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Bookkeeping Basics

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Most people probably think of bookkeeping and accounting as the same thing, but bookkeeping is really one function of accounting, while accounting encompasses many functions involved in managing the financial affairs of a business. Accountants prepare reports based, in part, on the work of bookkeepers. Today we see just the bookkeeping basics of this accounting phenomenon

Bookkeepers perform all manner of record-keeping tasks. Some of them include the following:

-They prepare what are referred to as source documents for all the operations of a business – the buying, selling, transferring, paying and collecting. The documents include papers such as purchase orders, invoices, credit card slips, time cards, time sheets and expense reports. Bookkeepers also determine and enter in the source documents what are called the financial effects of the transactions and other business events. Those include paying the employees, making sales, borrowing money or buying products or raw materials for production.

-Bookkeepers also make entries of the financial effects into journals and accounts. These are two different things. A journal is the record of transactions in chronological order. An accounts is a separate record, or page for each asset and each liability. One transaction can affect several accounts.

-Bookkeepers prepare reports at the end of specific period of time, such as daily, weekly, monthly, quarterly or annually. To do this, all the accounts need to be up to date. Inventory records must be updated and the reports checked and double-checked to ensure that they’re as error-free as possible.

-The bookkeepers also compile complete listings of all accounts. This is called the adjusted trial balance. While a small business may have a hundred or so accounts, very large businesses can have more than 10,000 accounts.

-The final step is for the bookkeeper to close the books, which means bringing all the bookkeeping for a fiscal year to a close and summarized.

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Personal Accounting

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If you have a checking account, of course you balance it periodically to account for any differences between what’s in your statement and what you wrote down for checks and deposits. Many people do it once a month when their statement is mailed to them, but with the advent of online banking, you can do it daily if you’re the sort whose banking tends to get away from them.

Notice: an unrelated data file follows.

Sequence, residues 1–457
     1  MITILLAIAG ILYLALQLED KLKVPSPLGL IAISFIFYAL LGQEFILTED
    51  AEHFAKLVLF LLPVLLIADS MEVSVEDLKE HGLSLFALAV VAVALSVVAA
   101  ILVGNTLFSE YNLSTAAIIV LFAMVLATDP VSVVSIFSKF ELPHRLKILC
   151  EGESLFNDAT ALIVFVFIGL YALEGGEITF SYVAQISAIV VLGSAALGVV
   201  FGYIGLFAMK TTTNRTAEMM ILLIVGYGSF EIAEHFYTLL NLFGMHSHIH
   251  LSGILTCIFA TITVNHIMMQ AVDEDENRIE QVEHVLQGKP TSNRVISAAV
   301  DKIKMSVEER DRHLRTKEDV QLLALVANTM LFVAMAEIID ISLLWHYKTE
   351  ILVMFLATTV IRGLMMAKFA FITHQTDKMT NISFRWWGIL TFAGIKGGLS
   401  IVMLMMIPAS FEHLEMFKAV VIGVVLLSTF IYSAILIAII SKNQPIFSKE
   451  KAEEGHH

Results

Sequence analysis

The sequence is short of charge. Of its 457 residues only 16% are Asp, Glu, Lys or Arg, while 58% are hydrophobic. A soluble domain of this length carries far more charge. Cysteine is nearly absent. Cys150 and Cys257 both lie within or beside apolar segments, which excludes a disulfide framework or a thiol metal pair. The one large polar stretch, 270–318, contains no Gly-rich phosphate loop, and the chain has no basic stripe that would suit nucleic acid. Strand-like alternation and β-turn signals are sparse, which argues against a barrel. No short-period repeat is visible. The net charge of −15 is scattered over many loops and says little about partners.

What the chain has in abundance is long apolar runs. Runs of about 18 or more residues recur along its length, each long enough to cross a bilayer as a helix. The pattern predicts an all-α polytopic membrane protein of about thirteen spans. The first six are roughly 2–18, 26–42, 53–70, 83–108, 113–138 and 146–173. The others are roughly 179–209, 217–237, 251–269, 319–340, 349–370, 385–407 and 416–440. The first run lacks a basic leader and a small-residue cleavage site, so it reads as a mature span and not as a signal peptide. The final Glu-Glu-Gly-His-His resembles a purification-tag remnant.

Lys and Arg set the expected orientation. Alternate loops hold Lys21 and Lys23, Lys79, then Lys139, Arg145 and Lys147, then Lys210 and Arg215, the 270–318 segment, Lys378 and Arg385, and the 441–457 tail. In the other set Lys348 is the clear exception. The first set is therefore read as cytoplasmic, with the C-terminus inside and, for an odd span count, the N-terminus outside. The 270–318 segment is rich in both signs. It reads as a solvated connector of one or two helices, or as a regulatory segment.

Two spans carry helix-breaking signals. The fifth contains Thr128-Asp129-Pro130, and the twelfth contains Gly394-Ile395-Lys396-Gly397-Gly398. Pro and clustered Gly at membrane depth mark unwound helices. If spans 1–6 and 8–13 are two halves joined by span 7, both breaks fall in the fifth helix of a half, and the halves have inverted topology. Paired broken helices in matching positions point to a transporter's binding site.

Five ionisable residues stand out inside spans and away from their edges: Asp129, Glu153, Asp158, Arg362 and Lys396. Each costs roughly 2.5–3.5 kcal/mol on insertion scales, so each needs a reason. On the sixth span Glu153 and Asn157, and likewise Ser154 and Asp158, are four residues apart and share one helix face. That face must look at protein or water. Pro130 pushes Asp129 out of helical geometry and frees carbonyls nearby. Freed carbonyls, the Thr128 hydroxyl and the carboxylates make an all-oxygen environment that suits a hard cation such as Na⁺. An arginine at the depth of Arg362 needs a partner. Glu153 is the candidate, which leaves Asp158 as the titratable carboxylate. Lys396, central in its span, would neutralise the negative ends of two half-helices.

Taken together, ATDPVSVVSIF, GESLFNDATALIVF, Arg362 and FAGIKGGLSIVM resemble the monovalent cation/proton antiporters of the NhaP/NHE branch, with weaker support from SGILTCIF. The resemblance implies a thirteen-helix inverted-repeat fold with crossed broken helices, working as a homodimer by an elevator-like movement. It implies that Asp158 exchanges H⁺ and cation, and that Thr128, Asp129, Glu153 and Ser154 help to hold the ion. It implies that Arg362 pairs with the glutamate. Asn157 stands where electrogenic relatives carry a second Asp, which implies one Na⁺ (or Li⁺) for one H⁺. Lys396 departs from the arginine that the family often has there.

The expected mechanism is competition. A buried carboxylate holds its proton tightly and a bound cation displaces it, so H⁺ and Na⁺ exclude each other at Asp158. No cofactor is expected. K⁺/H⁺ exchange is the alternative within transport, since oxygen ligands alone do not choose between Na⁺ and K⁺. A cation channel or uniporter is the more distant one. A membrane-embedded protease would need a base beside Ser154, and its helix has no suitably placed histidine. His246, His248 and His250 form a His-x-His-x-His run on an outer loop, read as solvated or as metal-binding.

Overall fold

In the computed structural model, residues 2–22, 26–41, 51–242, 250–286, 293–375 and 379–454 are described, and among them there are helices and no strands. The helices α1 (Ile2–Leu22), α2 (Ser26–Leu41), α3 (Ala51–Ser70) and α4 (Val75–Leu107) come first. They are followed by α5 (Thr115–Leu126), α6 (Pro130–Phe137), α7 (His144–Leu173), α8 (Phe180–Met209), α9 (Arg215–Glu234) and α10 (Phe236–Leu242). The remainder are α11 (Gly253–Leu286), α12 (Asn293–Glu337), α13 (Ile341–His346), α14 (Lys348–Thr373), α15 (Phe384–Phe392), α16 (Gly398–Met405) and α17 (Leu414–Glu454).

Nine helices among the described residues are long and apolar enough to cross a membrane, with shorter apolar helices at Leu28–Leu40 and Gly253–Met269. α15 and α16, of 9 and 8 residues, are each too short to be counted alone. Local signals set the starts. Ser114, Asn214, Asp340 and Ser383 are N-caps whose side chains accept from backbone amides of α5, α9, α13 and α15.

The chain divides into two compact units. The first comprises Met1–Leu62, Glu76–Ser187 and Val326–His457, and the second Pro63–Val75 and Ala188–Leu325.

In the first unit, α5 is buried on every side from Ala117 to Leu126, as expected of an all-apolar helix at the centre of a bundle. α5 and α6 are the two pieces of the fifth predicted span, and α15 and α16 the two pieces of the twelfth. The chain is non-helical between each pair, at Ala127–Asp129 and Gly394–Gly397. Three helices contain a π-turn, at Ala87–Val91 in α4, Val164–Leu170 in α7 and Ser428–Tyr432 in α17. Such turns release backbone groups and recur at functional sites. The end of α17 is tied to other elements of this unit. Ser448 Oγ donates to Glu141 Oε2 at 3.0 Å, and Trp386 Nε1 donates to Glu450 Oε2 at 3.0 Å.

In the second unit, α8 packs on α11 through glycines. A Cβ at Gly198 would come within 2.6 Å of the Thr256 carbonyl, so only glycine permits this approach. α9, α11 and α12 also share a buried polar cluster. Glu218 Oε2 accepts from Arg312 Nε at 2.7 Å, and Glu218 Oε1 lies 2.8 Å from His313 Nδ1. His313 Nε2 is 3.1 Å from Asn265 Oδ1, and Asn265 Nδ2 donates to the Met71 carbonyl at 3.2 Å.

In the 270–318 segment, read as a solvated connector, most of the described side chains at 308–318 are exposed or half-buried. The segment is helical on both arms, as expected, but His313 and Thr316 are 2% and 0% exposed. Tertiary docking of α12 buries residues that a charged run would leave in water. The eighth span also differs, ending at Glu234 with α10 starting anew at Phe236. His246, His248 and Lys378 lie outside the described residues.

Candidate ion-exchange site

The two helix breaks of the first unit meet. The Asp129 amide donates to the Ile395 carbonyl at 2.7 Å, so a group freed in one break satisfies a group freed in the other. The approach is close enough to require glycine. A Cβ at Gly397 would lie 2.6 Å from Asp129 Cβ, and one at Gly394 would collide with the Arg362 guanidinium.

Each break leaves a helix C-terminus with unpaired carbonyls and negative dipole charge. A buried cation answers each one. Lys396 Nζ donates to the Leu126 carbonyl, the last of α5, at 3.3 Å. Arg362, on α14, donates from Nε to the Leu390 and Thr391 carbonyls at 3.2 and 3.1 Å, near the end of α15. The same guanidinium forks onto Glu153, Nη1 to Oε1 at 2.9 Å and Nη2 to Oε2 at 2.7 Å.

You balance your checkbook to note any charges in your checking account that you haven’t recorded in your checkbook. Some of these can include ATM fees, overdraft fees, special transaction fees or low balance fees, if you’re required to keep a minimum balance in your account. You also balance your checkbook to record any credits that you haven’t noted previously. They might include automatic deposits, or refunds or other electronic deposits. Your checking account might be an interest-bearing account and you want to record any interest that it’s earned.

You also need to discover if you’ve made any errors in your record keeping or if the bank has made any errors.

Another form of personal accounting that we all dread is the filing of annual federal income tax returns. Many people use a CPA to do their returns; others do it themselves. Most forms include the following items:

Income – any money you’ve earned from working or owning assets, unless there are specific exemptions from income tax.

Personal exemptions – this is a certain amount of income that is excused from tax.

Standard deduction – some personal expenditures or business expenses can be deducted from your income to reduce the taxable amount of income. These expenses include items such as interest paid on your home mortgage, charitable contributions and property taxes.

Taxable income – This is the balance of income that’s subject to taxes after personal exemptions and deductions are factored in.